A 73-Year-Old Man with Biochemical Recurrence of Prostate Cancer and Metastatic Castration-sensitive Disease - Episode 2
An oncologist details the first-line therapy options for metastatic castration-sensitive prostate cancer.
Bobby Liaw, MD: The therapeutic landscape for first-line therapy for metastatic castration-sensitive prostate cancer has changed dramatically in recent years, as data for drugs such as docetaxel, abiraterone, apalutamide, and enzalutamide have been shown in their own individual randomized phase 3 studies to improve overall survival when used in people with metastatic castration-sensitive prostate cancer. A lot of the data started with the CHAARTED study, where it showed that the inclusion of 6 cycles of docetaxel in combination with ADT [androgen deprivation therapy] showed a significant improvement in overall survival for men with newly diagnosed de novo metastatic castration-sensitive prostate cancer.
With docetaxel, we need to consider disease volume while trying to figure out who would be a good candidate and who wouldn’t. That’s because as part of this study, we saw that patients with a high volume of disease are the ones who had the overall survival advantage with the addition of 6 cycles vs those who had low-volume disease didn’t seem to meet that mark. In regard to the definition of high-volume disease, the CHAARTED criteria considered the number of bone metastases—meaning 4 or more sites of bone disease, one being extra-axial—or the presence of visceral metastasis.
In looking at people who might not be a good candidate for chemotherapy, whether it’s anticipating difficulties tolerating it, or if we’re running into a patient preference where they don’t want to consider chemotherapy, we have 3 other drugs that fall within this androgen receptor pathway inhibitor that have also been very instrumental in showing overall survival advantage. Abiraterone, apalutamide, and enzalutamide all work in slightly different ways, although they all work on the androgen pathway axis.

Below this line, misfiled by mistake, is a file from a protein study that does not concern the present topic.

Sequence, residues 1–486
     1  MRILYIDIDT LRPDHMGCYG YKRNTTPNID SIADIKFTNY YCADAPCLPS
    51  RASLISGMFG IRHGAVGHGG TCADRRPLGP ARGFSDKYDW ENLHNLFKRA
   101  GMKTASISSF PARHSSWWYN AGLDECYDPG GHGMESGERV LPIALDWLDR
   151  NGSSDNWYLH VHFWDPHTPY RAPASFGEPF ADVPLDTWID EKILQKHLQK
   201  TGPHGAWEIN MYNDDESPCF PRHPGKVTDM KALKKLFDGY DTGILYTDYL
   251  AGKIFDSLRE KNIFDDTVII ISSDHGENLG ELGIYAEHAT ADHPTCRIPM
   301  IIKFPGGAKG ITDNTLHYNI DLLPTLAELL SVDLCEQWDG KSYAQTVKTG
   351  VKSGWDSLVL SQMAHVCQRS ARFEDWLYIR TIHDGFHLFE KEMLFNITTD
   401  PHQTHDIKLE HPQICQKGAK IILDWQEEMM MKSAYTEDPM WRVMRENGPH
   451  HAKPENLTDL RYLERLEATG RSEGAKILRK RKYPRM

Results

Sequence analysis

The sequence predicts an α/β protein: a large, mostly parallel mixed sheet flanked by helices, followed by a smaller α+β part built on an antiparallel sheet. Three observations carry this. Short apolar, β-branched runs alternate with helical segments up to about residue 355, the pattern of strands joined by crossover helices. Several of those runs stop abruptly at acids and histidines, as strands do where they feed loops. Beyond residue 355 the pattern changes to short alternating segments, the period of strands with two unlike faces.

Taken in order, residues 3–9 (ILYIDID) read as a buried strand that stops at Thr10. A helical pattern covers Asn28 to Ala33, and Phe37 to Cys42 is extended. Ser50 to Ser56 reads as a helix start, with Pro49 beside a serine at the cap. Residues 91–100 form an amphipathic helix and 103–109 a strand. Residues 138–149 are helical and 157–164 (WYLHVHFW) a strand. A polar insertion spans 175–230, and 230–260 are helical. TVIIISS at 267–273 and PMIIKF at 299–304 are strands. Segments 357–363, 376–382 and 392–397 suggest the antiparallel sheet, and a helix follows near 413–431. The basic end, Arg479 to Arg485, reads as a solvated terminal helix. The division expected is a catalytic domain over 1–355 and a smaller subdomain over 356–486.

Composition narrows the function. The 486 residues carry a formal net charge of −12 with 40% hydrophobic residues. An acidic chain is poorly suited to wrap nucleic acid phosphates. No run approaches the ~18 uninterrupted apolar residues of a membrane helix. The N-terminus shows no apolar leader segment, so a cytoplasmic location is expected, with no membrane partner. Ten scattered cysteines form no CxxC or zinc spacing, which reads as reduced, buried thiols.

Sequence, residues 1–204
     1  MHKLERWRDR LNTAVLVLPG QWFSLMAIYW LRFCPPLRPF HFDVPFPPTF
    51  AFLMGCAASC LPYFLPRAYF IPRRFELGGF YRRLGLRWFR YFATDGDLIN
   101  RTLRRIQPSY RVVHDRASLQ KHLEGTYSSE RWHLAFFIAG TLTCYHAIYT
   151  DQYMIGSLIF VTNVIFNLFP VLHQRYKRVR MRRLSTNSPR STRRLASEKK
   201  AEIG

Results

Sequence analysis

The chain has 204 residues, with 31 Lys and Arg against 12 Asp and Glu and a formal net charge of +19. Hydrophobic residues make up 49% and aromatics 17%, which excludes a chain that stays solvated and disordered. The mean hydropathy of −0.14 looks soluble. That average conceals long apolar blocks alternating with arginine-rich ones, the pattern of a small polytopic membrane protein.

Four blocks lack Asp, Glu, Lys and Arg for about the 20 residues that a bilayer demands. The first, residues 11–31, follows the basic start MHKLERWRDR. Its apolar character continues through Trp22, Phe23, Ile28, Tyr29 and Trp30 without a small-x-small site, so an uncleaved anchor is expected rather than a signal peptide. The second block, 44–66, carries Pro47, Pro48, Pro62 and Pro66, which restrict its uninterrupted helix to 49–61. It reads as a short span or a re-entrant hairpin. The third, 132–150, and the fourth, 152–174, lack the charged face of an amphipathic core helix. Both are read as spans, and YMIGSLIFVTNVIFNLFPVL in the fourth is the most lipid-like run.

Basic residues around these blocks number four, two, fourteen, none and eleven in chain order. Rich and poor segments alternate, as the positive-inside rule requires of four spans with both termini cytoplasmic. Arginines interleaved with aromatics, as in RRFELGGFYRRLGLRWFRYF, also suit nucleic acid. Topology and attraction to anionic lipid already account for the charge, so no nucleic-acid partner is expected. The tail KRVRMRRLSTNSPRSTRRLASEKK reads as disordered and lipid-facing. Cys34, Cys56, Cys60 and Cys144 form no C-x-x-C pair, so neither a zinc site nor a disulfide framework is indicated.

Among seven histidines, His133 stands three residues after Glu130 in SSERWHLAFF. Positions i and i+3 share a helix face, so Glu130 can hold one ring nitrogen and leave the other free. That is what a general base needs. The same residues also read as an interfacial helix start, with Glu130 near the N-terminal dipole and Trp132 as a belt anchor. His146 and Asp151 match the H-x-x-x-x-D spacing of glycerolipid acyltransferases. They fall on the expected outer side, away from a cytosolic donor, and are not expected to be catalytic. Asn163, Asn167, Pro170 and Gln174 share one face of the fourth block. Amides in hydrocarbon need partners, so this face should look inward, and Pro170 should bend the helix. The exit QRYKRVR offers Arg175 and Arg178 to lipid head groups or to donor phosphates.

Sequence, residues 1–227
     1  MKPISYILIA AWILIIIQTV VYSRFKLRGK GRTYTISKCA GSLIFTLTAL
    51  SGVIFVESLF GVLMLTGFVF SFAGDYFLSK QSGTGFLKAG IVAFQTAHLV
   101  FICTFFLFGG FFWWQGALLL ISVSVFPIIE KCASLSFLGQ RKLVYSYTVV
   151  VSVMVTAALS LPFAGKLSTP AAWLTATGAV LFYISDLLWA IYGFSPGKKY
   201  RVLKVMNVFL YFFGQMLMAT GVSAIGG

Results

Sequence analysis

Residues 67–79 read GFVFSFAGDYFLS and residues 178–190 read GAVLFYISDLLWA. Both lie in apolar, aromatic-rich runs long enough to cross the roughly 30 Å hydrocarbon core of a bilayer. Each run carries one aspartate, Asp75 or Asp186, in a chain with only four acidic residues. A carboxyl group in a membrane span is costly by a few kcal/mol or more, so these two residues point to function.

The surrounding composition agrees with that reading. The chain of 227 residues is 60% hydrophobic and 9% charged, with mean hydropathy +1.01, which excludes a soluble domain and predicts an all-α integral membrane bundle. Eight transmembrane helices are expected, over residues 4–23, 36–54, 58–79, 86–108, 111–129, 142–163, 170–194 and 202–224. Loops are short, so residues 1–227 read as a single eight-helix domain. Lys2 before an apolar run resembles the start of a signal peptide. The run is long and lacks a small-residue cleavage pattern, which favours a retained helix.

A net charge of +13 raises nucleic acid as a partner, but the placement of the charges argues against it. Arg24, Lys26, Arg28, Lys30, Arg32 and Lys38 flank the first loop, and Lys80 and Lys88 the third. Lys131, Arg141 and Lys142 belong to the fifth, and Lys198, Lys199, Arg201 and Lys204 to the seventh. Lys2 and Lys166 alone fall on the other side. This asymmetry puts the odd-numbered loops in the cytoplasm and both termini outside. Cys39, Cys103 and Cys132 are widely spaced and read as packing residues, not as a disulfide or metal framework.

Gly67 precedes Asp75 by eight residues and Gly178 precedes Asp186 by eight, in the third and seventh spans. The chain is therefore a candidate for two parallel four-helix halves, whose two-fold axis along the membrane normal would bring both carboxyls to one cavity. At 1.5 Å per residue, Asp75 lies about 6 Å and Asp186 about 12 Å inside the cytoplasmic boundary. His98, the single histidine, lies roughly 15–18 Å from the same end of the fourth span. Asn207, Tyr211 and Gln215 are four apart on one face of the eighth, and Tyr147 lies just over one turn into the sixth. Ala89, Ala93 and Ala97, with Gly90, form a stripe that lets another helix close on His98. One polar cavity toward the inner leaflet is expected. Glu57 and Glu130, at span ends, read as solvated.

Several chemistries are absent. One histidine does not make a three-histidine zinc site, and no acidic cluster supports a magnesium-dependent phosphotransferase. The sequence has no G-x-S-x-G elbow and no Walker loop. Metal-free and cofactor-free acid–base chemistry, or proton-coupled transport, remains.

Abiraterone showed its benefits in the LATITUDE study. In that particular study, they were looking at patients with high-risk disease, defined as a Gleason score of 8 or above, the presence of 3 or more sites of bone metastasis, or presence of visceral metastasis. Meanwhile, apalutamide and enzalutamide were both tested in a very broad selection of patients with metastatic prostate cancer, inclusive of both low-volume disease and high-volume disease. All 3 of these drugs—abiraterone, apalutamide, and enzalutamide—have met overall survival advantage in long-term follow-up and analysis.
Transcript edited for clarity.
Case: A 73-Year-Old Man With Biochemical Recurrence of Prostate Cancer and Metastatic Castration-sensitive High-volume Disease
A 73-year-old man presents with urinary retention, fatigue and decreased appetite
Patient History, Lifestyle and Clinical workup
History of mild alcoholic liver cirrhosis
No family history of prostate cancer
Patient is active and is very involved in his grandchildren’s activities
TRUS and biopsy revealed adenocarcinoma of the prostate gland, Gleason score 8 [4+4] with disease in 10/12 cores.
PSA 150 ng/mL; Hb 9.7 g/dL; ANC 1.9
Liver function tests are abnormal
Initial Diagnosis and Treatment
Patient is diagnosed with localized prostate cancer
He undergoes robotic radical prostatectomy with subsequent PSA decrease (12 ng/mL)
CT and bone scans showed no residual disease
Presentation at Recurrence
Patient complains of right hip pain and abdominal pain
Imaging with CT and bone scan showed multiple metastatic bone lesions in the pelvis and diffuse liver lesions
PSA 90 ng/mL; Hb 9.4 g/dL; ANC 1.5
Liver function tests continue to be abnormal
Diagnosis of Recurrence
Patient is diagnosed with biochemical recurrence of prostate cancer with high-volume castration-sensitive metastatic disease
Germline genetic testing is negative
Treatment for Recurrence
Patient wishes to receive oral treatment with good quality of life so he can continue to be involved in his grandchildren’s activities
Due to his abnormal liver function tests and desire to receive oral treatment, he is started on ADT + apalutamide
At his 1-year follow-up, the patient’s PSA remains undetectable
Follow-up imaging shows stable disease, and he continues to report a good quality of life